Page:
I had hopes American would trump the others by not converting and even expressed to a top program exec the idea to advertise widely full miles in ads that compared to the others. This education is apparently necessary because they say customers are not raising a fuss at all about it and may not even understand exactly what they’ve lost. So at least those who value miles need to be organized and this could have been done by American in a brilliant campaign that stole DA and UA’s frequent fliers. Instead they want to behave like typical sneaky chiseling corporations that everyone in America hates and therefore are in line for a huge comeuppance. Dead to me. Hello Alaska.

  2. I personally love the traditional frequent flyer programs, but you’re kidding yourself if you think the airlines are hurting themselves by moving to a revenue-based loyalty program. Most customers don’t care and even PREFER revenue-based programs when they’re managed like Southwest’s. Most of the people who do care are the gamers (realistically, how else are most travelers going to earn those biz class award tickets?) and those aren’t the customers the airlines make money on.

    If there is one area that some airlines might be “killing the golden goose” it’s with award availability. For instance, AA’s availability has become pretty pathetic in recent years. I don’t know if this actually discourages people from flying the airline (I doubt it, since most people don’t even know about the availability problem), but it is very likely to hurt the sales of miles to the banks as AA credit cards become less desirable.

  3. I’ve cut my flying on the majors to a fraction of what it was before the programs went loyalty based. Now I buy based on schedule and price, and miles (and loyalty) mean nothing to me.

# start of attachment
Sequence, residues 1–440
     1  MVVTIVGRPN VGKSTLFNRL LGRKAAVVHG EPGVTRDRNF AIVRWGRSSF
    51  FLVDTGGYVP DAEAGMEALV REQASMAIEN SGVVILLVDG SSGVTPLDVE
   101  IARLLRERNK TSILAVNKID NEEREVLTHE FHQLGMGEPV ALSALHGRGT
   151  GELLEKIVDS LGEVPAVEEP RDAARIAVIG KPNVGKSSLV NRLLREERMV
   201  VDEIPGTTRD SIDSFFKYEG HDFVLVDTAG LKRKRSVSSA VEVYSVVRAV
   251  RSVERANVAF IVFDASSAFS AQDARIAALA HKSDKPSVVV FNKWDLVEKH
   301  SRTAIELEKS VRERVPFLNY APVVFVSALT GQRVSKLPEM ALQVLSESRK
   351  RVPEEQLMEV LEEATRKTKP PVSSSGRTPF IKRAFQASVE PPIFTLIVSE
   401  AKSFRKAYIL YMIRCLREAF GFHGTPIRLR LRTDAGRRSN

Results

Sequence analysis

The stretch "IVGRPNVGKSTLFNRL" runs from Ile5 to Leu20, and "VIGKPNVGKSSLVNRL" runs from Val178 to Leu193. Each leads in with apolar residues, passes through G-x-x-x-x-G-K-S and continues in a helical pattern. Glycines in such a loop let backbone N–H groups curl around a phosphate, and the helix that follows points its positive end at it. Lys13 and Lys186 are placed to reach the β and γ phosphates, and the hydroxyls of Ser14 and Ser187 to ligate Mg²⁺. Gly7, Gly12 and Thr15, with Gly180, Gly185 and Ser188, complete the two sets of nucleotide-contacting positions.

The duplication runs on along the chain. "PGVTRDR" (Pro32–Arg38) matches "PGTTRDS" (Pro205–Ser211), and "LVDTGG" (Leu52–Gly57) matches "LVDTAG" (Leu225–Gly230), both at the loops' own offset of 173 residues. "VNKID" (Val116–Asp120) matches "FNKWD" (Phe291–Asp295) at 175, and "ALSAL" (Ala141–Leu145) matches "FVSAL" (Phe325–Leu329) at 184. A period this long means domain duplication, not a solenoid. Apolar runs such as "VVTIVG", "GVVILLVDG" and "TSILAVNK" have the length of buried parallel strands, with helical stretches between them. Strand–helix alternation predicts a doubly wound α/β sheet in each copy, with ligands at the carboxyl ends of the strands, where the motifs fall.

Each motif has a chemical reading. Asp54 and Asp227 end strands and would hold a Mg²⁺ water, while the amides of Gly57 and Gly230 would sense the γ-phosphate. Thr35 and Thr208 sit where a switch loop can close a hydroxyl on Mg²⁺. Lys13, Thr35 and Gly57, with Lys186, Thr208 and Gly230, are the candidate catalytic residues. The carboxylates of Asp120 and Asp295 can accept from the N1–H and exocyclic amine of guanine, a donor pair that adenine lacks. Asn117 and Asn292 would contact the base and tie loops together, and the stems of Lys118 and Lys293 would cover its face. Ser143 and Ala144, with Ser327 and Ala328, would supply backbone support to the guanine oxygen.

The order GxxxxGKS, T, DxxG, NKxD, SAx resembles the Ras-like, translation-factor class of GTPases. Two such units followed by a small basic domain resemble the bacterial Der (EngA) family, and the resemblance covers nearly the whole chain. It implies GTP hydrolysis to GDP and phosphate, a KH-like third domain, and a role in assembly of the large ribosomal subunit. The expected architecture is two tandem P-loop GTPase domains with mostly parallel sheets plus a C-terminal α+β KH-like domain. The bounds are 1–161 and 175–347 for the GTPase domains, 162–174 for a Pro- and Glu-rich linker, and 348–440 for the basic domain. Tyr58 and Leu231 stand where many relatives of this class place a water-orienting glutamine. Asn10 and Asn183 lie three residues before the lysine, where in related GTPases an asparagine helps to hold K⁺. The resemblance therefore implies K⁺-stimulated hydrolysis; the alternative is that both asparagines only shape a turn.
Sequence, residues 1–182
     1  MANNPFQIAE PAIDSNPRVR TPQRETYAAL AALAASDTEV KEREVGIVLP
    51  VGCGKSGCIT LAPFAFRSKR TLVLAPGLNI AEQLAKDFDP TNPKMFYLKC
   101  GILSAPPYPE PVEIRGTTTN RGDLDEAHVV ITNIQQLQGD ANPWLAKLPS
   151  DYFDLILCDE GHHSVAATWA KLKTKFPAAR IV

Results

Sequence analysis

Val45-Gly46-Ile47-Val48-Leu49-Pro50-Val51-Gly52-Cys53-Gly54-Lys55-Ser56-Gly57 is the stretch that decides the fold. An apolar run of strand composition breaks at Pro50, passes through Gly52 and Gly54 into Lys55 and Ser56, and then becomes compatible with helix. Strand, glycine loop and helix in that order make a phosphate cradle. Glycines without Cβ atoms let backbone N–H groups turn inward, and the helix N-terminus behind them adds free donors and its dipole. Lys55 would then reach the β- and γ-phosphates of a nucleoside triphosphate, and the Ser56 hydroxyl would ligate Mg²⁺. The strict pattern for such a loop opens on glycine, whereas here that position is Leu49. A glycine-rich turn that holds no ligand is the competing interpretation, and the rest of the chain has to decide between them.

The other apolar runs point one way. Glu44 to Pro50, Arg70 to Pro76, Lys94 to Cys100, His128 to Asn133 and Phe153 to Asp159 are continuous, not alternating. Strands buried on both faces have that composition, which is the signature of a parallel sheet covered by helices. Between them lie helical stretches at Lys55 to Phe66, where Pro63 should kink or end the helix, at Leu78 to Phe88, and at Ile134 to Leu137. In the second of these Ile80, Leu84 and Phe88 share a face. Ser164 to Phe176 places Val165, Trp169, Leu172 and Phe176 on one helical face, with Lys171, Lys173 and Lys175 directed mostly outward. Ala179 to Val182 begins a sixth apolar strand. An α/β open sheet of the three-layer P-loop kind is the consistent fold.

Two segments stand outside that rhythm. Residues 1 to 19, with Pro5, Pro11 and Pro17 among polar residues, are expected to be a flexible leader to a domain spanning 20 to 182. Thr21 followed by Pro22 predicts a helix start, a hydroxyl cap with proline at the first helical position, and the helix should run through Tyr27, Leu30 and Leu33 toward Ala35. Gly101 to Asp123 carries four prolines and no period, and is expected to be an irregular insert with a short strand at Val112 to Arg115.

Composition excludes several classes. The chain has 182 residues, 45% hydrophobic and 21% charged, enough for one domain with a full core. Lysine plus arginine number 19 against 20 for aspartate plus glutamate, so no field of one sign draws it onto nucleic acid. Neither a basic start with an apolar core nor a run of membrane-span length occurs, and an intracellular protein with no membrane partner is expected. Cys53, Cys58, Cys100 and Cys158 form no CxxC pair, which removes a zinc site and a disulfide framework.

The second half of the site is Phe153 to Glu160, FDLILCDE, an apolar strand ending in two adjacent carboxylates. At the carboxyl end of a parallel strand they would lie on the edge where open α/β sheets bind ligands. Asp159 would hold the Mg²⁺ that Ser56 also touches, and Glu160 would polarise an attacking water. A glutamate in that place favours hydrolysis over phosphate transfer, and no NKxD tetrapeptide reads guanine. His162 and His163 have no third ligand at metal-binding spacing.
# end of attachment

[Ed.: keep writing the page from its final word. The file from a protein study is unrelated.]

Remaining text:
4. Pet peeve: The goose isn’t golden; only the eggs are.

    That aside, these programs didn’t need to be run as if they were Ponzi schemes, but every airline has done so. Accounting rules encouraged airlines to pretend that redemption of miles earned by flying would cost them essentially nothing. Those rules are due to change in about a year. Perhaps that looming change is what’s upsetting the Ponzi scheme?

  5. Yeah, I {currently} fly about 100-120K miles per year – 90% of it or more for work. All on coach fares. RDMs are just about the last element of the FFP that I care about about, and have little to no impact on my decision to purchase a ticket.

    I have to fly for work – and it’s the elite benefits, those things that make the flying experience better / more reliable, that drive my “loyalty.” So AA’s cutting of SWUs from 8 to 4 hurts far more than their moving to a revenue RDM program. And it’s a important distinction that AA’s elite program is not {currently} revenue based (unlike DL and UA)